But the organization that has shined the brightest over the past 10 days is unquestionably Al Jazeera, Bactrim Cost. The Qatar-based TV network has dominated web viewing, and has used web audio updates and Creative Commons to get information out quickly to as many people as possible, Bactrim long term.
Al Jazeera also faced stiff censorship efforts from the Egyptian government, which stripped its Egyptian license and shut down its Cairo bureau, then later stole some of its camera equipment. Through it all, the broadcaster kept up live coverage that online and offline, was considered the most comprehensive of any news organization. Low dose Bactrim, As Lost Remote's Cory Bergman pointed, Al Jazeera's coverage showed the continued power of compelling live video in a multimedia world.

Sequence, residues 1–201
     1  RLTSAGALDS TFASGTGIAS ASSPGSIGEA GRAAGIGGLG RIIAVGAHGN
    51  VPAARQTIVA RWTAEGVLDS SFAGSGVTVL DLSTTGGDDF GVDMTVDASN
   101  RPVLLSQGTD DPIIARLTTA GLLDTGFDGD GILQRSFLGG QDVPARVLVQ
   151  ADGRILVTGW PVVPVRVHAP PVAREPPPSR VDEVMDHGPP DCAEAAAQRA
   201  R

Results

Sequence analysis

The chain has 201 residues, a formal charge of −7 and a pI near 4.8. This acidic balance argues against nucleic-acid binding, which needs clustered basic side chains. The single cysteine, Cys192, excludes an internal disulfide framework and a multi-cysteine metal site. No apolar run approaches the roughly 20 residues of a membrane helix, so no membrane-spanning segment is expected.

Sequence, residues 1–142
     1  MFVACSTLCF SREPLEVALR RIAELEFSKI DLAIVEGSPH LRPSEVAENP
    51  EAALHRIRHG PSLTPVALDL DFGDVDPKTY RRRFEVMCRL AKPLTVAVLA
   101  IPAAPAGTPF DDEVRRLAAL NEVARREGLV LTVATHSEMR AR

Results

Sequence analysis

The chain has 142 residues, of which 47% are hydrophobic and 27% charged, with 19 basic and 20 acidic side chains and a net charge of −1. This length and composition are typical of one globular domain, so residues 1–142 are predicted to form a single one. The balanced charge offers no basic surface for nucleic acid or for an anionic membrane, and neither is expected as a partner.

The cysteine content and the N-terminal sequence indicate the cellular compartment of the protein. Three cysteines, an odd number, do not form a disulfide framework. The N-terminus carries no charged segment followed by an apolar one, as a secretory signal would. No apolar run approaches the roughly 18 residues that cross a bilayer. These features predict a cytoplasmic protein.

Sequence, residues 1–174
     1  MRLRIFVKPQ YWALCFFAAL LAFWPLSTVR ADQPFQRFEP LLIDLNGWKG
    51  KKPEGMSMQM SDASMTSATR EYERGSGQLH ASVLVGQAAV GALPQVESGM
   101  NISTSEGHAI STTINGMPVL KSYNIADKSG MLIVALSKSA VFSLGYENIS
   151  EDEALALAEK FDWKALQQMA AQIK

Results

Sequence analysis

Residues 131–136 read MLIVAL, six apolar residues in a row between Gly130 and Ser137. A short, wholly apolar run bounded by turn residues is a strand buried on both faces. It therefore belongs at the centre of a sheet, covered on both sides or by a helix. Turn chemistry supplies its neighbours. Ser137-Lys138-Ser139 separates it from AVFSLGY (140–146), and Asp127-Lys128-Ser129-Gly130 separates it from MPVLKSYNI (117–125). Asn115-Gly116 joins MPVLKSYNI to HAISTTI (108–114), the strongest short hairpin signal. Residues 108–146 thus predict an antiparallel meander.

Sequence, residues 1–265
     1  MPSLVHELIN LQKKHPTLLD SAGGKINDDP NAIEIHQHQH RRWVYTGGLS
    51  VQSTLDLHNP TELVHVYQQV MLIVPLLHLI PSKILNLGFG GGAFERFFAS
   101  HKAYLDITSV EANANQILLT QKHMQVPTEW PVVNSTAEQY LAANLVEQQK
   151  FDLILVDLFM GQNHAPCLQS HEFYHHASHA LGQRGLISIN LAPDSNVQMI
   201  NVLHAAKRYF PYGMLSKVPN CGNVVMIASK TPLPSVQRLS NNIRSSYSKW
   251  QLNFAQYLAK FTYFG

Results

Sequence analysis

Salon's Alex Pareene called Al Jazeera's coverage Bactrim Cost, an indictment on the U.S.' cable networks, and CUNY j-prof Jeff Jarvis and others urged cable companies to carry Al Jazeera English. Tech pioneer Doc Searls used the moment as a call for a more open form of cable TV: "The message cable should be getting is not just 'carry Al Jazeera,' but 'normalize to the Internet.' Open the pipes. Give us à la carte choices. Let us get and pay for what we want, not just what gets force-fed in bundles."
The protests also served as fresh fuel for an ongoing debate about the role of social media in social change and global political activism. Several critics — including Wired's David Kravets, Bactrim no rx, The New Yorker's Malcolm Gladwell, and SUNY Oswego prof Ulises Mejias— downplayed the role of social media tools such as Twitter in protests like Egypt's. Others, though, countered with a relatively unified theme: It's not really about the media tools per se, but about the decentralized, hyperconnected network in which they are bound up. J-profs Jeremy Littau and Robert Hernandez, along with GigaOM's Mathew Ingram, wrote the most thoughtful versions of this theme, and they're all worth checking out, Bactrim Cost.